Yeah, I’d bet dollars to donuts that she’s not dead either.

And I’m getting tired of this.

– – –

Now let’s look at what I’ve done and see if I’m not the biggest hypocrite going.

Two of my second tier characters, let’s call them T and M, get kidnapped by a ruthless enemy. One, M, is graphically tortured in front of the other, T, dying gruesomely for the pleasure of said enemy. That enemy then looks at T and says, “you’re next.”

We never see or hear about T’s fate after that. Nobody even claims that he’s dead. He’s just missing, lost, presumed dead. However, in the sequel we learn that he was never tortured, but kept prisoner to be used as a bargaining chip.

I don’t think this fulfills the “Dead Not Dead” trope because he’s never seen as dead, just threatened with a very powerful existential threat of death by torture.

What do you think, am I being a hypocrite?

——

* Plot armour is the trope that you can’t kill the star of the show, no matter how grave the danger appears to be. It’s very common in episodic TV shows, and when violated, like the death of Lt. Col. Henry Blake in M*A*S*H, can be shocking.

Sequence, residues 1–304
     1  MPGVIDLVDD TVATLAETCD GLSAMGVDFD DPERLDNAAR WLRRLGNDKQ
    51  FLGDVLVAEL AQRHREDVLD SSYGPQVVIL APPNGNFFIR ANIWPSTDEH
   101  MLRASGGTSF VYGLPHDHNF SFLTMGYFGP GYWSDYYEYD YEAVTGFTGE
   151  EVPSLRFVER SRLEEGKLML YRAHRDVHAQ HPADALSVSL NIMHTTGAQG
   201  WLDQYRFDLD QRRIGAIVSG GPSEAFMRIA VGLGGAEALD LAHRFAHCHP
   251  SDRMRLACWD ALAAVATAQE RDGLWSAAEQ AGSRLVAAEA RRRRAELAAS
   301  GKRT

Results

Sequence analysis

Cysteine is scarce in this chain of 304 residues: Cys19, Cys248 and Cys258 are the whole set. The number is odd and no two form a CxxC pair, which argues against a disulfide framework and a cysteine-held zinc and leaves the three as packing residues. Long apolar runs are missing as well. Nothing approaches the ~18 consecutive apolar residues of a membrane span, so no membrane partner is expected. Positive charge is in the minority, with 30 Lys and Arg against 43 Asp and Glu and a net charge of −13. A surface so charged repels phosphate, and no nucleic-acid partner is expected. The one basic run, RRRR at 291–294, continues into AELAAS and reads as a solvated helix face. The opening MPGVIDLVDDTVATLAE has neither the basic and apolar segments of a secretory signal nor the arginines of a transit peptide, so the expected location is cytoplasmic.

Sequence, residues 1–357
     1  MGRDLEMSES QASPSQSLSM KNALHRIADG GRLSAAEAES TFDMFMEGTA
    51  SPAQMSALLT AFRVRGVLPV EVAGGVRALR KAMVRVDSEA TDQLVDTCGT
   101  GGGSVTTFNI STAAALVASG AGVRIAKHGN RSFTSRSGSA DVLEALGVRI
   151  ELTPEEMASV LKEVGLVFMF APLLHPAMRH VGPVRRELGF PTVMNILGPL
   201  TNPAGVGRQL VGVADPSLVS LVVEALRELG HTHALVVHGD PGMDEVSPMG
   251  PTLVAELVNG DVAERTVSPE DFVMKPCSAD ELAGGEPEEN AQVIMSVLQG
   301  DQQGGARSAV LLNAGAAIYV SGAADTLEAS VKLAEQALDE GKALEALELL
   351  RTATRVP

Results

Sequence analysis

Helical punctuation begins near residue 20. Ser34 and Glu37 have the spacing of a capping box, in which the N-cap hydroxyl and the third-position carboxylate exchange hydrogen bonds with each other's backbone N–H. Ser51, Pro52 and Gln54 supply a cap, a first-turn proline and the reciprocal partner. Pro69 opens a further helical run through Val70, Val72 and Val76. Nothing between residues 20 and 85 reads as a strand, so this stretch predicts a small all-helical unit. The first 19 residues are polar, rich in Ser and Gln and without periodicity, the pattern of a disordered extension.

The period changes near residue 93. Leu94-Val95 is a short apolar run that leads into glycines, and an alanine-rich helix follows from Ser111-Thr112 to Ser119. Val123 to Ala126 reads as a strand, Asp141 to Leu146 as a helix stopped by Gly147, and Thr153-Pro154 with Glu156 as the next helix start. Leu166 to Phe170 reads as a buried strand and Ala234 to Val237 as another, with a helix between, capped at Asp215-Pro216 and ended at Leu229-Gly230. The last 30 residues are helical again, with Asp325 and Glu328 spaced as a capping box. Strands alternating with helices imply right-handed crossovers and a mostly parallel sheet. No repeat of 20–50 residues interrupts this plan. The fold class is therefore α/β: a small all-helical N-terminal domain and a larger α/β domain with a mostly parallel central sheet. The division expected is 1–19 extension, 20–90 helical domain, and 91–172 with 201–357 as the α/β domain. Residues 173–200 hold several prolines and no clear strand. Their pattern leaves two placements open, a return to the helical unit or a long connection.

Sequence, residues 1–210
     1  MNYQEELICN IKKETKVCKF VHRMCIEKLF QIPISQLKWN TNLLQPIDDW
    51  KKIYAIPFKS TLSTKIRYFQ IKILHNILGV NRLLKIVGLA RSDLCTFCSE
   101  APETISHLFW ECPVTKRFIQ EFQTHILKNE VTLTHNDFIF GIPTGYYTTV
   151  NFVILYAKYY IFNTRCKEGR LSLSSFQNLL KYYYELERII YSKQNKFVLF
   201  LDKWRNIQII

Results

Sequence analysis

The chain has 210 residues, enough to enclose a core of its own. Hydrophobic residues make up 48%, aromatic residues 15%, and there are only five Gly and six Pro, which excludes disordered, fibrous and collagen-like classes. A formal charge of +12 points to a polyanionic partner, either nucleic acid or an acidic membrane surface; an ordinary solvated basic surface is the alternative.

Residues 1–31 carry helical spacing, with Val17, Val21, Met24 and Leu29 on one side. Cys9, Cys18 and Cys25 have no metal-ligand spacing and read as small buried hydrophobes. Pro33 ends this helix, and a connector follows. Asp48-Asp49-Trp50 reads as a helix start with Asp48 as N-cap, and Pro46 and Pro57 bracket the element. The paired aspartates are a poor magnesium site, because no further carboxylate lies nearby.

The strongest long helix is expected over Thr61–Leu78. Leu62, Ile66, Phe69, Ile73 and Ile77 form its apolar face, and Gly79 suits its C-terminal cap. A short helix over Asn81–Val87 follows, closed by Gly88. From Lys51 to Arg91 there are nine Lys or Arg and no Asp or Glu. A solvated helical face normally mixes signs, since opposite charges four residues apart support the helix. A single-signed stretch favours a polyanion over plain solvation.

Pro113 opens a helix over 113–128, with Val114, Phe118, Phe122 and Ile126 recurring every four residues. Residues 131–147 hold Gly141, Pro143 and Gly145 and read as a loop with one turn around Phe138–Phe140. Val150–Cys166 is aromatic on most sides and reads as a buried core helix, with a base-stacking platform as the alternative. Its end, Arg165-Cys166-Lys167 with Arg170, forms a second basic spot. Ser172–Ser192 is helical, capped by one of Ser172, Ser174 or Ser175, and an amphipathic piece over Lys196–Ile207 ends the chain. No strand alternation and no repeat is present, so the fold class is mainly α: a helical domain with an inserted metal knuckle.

** I’ve finished the book. No spoilers for this ending, as the book’s only been out a few months. The more I think about it the less I like the twist.

The Many Levels That Dune Can Be Read At

sandworms

Hey, if you haven’t already read Frank Herbert’s Dune, then:

a) Shame on you. And
b) I’m going to spoil the crap out of it for you.

Go read it now.

Then come back here.

I believe that there are at least four ways that you can interpret Dune as you read it (I have a fifth, but it’s kind of trite).

The first, and easiest way to read Dune is as a traditional coming of age story, the Campbell myth. Young Paul Atreides must grow into manhood when his family is attacked and his house scattered. Paul grows from a soft young boy to a militant leader, and eventually the emperor of all humanity. It’s a long story arc and it necessitates a long book length.

The second common interpretation of Dune is the environmental one. Dune is ravaged by harsh deserts in an age where we can control the weather. Why is Dune left that way? So that the local natural resource, Melange*, can be exploited. Do the locals have any say in this? No they do not. Their colonizers have decided their fate and will continue to to do so?

Which takes us to the third interpretation – the nascent Arab nationalism of the 1950s and 1960s. The Arab nations of the Middle East were discovering that if they took control of their local resource, petroleum, then they could control the world’s economy.